The traditional beers are served unfiltered and are called Hefeweizen. The Weihenstephan and Schneider Weiss are great examples of the basic style. The Lowenbrau, Reidenberger and Erdinger add orange, blackberry and honey to the mix respectively. Filtered wheat beers are known as kristallweizen and usually feel like neutered versions of Hefeweizen, though they may appeal to those wanting something lighter or more akin to a lager. There are also stronger Weizenbocks such as Weihenstaphen Vitus that clock on at 7 or 8% abv. These can have a toffee or caramel malt flavour coming from the higher alcohol content. All these should be served in tall, thin tulip glasses that have a perilously high centre of gravity.

Those outside Germany brewing Weizen beers generally stick to the purity laws. Some breweries are slavish enough to transport German strains of yeast half way round the world to make things just so. The use of wheat in weisse beers can also be optional as the 1516 brewpub in Vienna prove with their Quinoa Weisse which has a hint of citrus flavoured boiled sweets.

Five To Try -
1. Fischer Brau Weiss
2. Lowenbrau LowenWeiss
3. Weihenstephan Hefe Weissbeer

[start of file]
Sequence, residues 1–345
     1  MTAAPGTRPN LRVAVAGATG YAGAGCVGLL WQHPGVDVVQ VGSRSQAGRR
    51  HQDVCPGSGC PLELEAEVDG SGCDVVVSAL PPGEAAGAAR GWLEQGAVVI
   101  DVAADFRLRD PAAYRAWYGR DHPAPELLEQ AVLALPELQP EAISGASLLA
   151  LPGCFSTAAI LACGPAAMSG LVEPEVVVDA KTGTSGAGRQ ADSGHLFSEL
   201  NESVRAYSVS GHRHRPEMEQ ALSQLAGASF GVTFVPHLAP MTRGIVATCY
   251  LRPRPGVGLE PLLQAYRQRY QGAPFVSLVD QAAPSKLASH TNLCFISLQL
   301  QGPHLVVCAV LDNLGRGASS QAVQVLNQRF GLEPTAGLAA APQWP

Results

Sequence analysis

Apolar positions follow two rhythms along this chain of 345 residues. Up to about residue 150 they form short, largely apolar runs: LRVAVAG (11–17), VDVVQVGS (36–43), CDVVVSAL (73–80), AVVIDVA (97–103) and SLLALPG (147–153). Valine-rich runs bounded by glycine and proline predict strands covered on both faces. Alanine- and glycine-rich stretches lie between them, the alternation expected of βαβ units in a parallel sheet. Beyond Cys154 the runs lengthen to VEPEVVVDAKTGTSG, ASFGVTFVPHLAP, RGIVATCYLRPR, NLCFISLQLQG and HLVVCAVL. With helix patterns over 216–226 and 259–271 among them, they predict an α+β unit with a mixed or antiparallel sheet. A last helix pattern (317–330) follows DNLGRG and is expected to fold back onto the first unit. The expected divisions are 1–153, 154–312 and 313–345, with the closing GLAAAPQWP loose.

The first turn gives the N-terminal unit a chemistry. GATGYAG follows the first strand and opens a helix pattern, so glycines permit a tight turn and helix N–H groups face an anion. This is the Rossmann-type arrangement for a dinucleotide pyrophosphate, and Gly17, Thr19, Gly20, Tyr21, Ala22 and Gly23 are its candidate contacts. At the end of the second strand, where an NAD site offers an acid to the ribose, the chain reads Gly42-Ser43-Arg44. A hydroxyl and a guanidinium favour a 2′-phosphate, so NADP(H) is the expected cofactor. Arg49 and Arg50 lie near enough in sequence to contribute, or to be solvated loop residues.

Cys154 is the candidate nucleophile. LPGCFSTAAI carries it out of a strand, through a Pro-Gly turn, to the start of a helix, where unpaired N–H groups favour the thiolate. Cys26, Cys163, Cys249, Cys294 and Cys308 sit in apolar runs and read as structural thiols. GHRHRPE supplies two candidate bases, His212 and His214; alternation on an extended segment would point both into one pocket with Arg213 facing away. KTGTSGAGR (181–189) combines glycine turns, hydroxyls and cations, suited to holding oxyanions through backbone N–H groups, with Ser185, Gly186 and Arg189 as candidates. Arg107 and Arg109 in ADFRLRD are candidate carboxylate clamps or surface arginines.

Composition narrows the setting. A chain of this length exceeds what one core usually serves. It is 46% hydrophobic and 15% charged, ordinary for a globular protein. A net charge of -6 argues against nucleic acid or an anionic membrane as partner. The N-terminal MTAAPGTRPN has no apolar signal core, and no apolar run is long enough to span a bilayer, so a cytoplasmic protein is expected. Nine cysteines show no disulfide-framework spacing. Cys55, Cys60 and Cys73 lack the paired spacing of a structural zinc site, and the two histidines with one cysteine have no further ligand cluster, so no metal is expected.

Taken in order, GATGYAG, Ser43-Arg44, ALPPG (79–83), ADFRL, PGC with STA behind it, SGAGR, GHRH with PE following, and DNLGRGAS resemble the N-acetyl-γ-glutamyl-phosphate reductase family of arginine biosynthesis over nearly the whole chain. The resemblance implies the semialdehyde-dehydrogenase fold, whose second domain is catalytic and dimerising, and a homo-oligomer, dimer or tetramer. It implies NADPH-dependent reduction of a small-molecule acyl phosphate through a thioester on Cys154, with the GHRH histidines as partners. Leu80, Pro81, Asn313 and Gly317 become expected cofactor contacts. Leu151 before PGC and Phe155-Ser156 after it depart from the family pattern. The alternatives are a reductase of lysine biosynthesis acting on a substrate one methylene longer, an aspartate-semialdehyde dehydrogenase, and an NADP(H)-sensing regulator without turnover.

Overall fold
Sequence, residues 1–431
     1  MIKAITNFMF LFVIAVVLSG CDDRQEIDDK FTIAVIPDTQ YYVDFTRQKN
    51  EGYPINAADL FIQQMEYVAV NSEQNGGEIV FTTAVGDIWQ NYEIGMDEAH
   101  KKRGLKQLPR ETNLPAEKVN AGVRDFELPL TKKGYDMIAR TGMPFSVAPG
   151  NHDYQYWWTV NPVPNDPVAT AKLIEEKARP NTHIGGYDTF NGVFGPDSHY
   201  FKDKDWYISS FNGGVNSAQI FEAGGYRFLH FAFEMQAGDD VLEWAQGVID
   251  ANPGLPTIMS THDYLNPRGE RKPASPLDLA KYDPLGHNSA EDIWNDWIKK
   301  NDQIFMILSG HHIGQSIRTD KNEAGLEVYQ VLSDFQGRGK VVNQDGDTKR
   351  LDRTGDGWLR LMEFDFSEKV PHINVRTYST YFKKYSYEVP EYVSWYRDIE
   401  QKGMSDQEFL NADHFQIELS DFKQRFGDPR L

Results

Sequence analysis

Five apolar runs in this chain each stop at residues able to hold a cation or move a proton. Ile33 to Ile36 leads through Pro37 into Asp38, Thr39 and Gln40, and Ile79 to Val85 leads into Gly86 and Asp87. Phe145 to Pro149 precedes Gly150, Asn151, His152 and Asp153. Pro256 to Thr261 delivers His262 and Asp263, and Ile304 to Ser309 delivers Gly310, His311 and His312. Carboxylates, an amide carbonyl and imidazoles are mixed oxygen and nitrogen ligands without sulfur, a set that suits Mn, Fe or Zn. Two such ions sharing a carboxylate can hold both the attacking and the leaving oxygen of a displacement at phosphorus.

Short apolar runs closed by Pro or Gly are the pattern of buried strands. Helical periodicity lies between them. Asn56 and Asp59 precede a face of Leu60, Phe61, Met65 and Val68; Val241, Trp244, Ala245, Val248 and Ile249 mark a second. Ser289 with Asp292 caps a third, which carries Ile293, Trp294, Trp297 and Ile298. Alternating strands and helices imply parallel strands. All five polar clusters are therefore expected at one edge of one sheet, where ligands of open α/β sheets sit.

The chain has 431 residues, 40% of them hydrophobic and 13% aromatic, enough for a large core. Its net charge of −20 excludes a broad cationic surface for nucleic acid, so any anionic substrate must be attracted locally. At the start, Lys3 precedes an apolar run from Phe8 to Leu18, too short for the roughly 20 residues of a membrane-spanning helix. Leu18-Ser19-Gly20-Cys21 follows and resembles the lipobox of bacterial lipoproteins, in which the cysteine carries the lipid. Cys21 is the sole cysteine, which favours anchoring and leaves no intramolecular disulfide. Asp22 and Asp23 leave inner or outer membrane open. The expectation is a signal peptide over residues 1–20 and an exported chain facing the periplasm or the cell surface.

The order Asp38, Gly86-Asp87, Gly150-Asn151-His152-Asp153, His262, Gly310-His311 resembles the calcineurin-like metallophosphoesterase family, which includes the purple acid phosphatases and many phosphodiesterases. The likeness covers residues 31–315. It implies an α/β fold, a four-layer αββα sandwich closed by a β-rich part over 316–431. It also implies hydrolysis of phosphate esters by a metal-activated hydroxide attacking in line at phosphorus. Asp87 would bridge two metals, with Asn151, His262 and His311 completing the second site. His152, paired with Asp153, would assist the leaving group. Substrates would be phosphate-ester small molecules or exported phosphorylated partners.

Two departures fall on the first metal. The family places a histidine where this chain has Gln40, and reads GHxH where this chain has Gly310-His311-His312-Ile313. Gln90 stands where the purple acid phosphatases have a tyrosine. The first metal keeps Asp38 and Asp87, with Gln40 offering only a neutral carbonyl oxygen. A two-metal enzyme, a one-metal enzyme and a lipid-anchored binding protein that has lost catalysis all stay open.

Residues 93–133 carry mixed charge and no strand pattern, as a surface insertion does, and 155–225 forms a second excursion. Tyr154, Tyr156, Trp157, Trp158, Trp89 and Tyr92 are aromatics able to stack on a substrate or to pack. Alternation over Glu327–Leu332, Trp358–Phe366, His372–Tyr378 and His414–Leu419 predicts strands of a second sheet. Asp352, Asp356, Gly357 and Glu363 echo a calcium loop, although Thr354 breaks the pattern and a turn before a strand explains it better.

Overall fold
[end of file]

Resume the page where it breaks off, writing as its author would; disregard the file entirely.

4. St Austell Clouded Yellow
5. 1516 Quinoa Weisse


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The terms Weizen and Weiss are used almost interchangeably with German beers. However for this style we have to be far more careful. Dunkelweizen means "Dark Wheat" and describes a wheat beer made with roasted malts. Dunkelweiss means "Dark White" and at best implies an intriguing, Spinal Tap-esqe contradiction in terms, and at worst implies an unappealing grey coloured beer. However some brewers are unaware of this, or choose to ignore it. The Emerson's brewery down in New Zealand produce a Dunkelweiss that tastes of caramelised chocolate bananas - good beer, poor name. Even German brewers such as Weihenstephaner use the term "hefeweisse dunkel".

Dunkelweizen retain all the fruit and spice flavours of their pale sibling. However the roasted malts add a sweet caramel note alongside the bitter chocolate you would expect. They usually feel heavier and richer than hefeweizens as well, though they still clock in at 5% abv. The Arcobrau, Erdinger and Weihenstephan dunkels are all typical of the style. Thankfully no-one bothers to make filtered versions of dunkelweizens - though like a number of weizen beers they are pastuerised which kills the yeast, meaning there is no fermentation going on in the bottle.